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How do I Choose the Best Metatarsalgia Treatment?

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  • Written By: D. Jeffress
  • Edited By: Jenn Walker
  • Last Modified Date: 04 December 2016
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Metatarsalgia is a common type of overuse injury that primarily affects the ball of the foot. Athletes and people who spend a lot of time on their feet can develop inflammation, tenderness, and swelling that can range from slightly uncomfortable to debilitating. Choosing the best metatarsalgia treatment revolves around recognizing the severity of the injury. Mild foot pain that comes and goes is often responsive to home remedies and over-the-counter pain medications. If metatarsalgia becomes a chronic, painful condition, it is essential to visit a doctor to learn about more aggressive different treatment options, including corrective surgery.

In general, symptoms of pain, numbness, redness, and swelling tend to develop gradually over time. A person who notices worsening foot pain can take certain steps to prevent the condition from becoming a major problem. Basic metatarsalgia treatment techniques include avoiding physical activity for several days and applying ice to relieve swelling. Keeping the foot elevated in bed and taking over-the-counter anti-inflammatory drugs can further reduce pain and swelling.

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Once the foot starts feeling better, it is important to slowly return to physical activity. Light stretching exercises, such as straightening and bending the toes several times, helps to loosen up muscle tissue and rebuild foot flexibility. A person may also want to consider investing in cushioning insoles or new, softer shoes that are designed to take pressure off of the balls of the feet. Most people are able to find full relief from their symptoms in two to six weeks. If pain returns or worsens despite conservative metatarsalgia treatment, an individual should consider scheduling an appointment with a physician.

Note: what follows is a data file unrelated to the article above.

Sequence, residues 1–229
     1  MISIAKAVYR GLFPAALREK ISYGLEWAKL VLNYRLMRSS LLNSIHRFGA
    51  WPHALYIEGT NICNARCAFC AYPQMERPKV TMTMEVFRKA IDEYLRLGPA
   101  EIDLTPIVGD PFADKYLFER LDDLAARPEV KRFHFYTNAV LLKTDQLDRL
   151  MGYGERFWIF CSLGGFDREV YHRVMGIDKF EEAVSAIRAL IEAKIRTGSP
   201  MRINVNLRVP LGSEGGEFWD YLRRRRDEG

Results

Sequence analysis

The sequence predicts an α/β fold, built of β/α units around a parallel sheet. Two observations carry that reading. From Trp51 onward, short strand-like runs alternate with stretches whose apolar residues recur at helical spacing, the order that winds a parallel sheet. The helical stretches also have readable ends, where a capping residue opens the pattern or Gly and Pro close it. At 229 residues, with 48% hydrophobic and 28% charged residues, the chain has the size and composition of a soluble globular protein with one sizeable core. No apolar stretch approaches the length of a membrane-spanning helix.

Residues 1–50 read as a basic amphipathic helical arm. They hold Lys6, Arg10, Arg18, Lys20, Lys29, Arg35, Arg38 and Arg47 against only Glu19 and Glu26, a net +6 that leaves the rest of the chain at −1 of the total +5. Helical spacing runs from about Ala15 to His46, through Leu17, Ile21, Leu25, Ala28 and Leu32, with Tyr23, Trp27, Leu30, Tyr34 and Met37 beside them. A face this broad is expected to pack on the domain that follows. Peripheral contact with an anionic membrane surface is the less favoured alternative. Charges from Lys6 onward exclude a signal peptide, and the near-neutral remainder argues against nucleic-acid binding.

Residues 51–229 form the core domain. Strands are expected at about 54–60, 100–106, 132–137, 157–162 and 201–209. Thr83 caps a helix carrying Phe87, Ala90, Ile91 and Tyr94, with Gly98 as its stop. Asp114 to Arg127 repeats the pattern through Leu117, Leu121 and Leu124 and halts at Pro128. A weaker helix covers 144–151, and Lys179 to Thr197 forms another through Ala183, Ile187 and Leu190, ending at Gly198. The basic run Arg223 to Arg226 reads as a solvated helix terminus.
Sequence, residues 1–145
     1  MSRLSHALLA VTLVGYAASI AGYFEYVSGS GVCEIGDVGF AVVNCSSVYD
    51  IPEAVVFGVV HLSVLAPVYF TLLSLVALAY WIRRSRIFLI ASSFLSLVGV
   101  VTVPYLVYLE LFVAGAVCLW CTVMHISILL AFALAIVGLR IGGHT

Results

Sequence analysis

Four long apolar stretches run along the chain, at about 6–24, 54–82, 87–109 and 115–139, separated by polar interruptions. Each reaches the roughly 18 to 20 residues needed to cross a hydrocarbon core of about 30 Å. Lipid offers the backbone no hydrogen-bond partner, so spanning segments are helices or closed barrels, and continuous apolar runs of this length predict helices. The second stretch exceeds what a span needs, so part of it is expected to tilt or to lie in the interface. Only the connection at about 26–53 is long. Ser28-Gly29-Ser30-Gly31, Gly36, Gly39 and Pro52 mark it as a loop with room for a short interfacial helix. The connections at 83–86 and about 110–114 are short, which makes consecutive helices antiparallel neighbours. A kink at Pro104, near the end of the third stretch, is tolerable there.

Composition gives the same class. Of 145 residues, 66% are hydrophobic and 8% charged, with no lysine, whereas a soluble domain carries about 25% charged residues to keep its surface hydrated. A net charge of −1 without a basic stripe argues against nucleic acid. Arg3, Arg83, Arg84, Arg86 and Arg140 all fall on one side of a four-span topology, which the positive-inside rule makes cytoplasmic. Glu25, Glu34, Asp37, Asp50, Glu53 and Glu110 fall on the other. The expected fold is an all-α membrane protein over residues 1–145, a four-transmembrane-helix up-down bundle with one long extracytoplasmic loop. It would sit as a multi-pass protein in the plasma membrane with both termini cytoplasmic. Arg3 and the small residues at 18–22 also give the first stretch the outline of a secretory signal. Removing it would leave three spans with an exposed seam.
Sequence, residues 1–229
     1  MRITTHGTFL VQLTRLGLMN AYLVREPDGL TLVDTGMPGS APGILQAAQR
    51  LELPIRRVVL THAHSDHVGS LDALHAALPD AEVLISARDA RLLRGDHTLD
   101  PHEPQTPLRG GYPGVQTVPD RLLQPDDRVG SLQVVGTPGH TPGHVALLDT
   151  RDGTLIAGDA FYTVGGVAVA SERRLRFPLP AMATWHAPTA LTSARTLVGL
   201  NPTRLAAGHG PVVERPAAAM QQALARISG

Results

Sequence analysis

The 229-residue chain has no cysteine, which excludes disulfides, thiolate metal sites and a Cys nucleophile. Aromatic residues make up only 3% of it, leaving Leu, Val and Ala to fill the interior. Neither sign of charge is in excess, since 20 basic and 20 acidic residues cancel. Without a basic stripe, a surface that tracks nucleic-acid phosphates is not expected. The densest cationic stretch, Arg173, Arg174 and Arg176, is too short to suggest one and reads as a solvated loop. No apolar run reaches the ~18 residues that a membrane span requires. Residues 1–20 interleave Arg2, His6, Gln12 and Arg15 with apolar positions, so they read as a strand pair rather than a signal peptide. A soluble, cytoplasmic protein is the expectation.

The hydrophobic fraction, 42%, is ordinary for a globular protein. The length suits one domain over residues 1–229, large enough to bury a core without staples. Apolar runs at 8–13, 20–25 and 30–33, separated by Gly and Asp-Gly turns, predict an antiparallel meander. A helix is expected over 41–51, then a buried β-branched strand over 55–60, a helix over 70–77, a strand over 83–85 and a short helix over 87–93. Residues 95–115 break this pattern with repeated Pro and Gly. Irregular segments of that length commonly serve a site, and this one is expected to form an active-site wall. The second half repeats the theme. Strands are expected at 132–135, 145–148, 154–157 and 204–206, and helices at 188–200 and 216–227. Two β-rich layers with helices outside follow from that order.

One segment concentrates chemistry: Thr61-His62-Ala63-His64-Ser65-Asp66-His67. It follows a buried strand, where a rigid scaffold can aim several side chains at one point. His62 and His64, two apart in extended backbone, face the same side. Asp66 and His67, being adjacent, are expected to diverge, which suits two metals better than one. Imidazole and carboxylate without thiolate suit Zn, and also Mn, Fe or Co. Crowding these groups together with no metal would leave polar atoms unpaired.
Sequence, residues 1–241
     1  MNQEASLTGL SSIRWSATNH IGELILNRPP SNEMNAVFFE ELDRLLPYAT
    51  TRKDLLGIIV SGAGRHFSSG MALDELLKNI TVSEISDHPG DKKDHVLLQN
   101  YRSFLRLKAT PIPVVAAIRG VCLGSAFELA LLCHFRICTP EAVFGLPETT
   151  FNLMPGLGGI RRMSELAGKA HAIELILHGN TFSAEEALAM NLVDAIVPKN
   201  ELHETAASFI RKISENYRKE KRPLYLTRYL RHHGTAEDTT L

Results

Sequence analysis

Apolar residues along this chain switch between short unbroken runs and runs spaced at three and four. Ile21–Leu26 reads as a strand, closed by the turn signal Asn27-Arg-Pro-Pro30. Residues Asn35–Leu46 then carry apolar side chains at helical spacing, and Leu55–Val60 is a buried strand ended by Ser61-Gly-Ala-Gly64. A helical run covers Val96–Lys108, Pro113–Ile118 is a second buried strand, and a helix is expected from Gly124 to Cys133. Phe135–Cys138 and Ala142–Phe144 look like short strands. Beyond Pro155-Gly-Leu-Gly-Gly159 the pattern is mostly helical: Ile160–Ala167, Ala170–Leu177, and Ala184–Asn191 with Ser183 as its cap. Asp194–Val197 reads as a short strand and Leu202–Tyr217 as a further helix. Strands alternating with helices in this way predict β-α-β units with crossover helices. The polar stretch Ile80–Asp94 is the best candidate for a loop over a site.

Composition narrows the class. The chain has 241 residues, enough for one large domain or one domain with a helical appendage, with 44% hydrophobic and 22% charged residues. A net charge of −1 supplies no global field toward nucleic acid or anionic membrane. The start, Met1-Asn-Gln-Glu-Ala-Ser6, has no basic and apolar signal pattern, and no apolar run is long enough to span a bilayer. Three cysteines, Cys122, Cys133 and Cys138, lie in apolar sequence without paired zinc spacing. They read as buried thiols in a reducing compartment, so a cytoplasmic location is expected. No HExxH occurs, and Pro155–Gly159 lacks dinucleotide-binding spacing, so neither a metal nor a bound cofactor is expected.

Before suggesting a particular metatarsalgia treatment, a doctor takes x-rays and performs a thorough physical exam to make sure a more serious problem does not exist. High-strength prescription painkillers or corticosteroid injections may be provided to relieve severe pain quickly. The doctor may also suggest custom orthotic shoes that are designed to support the arches and protect the metatarsal region from impact.

Surgery is typically reserved for serious cases that prevent patients from engaging in simple everyday activities. If a doctor decides that surgical is the best choice for metatarsalgia treatment, a consultation is scheduled with a podiatrist or orthopedic surgeon. The most common procedure involves cutting cartilage and muscle tissue to relieve tension and then realigning the bones in the ball and arch. Postoperative recovery can take several months and typically involves guided physical therapy.

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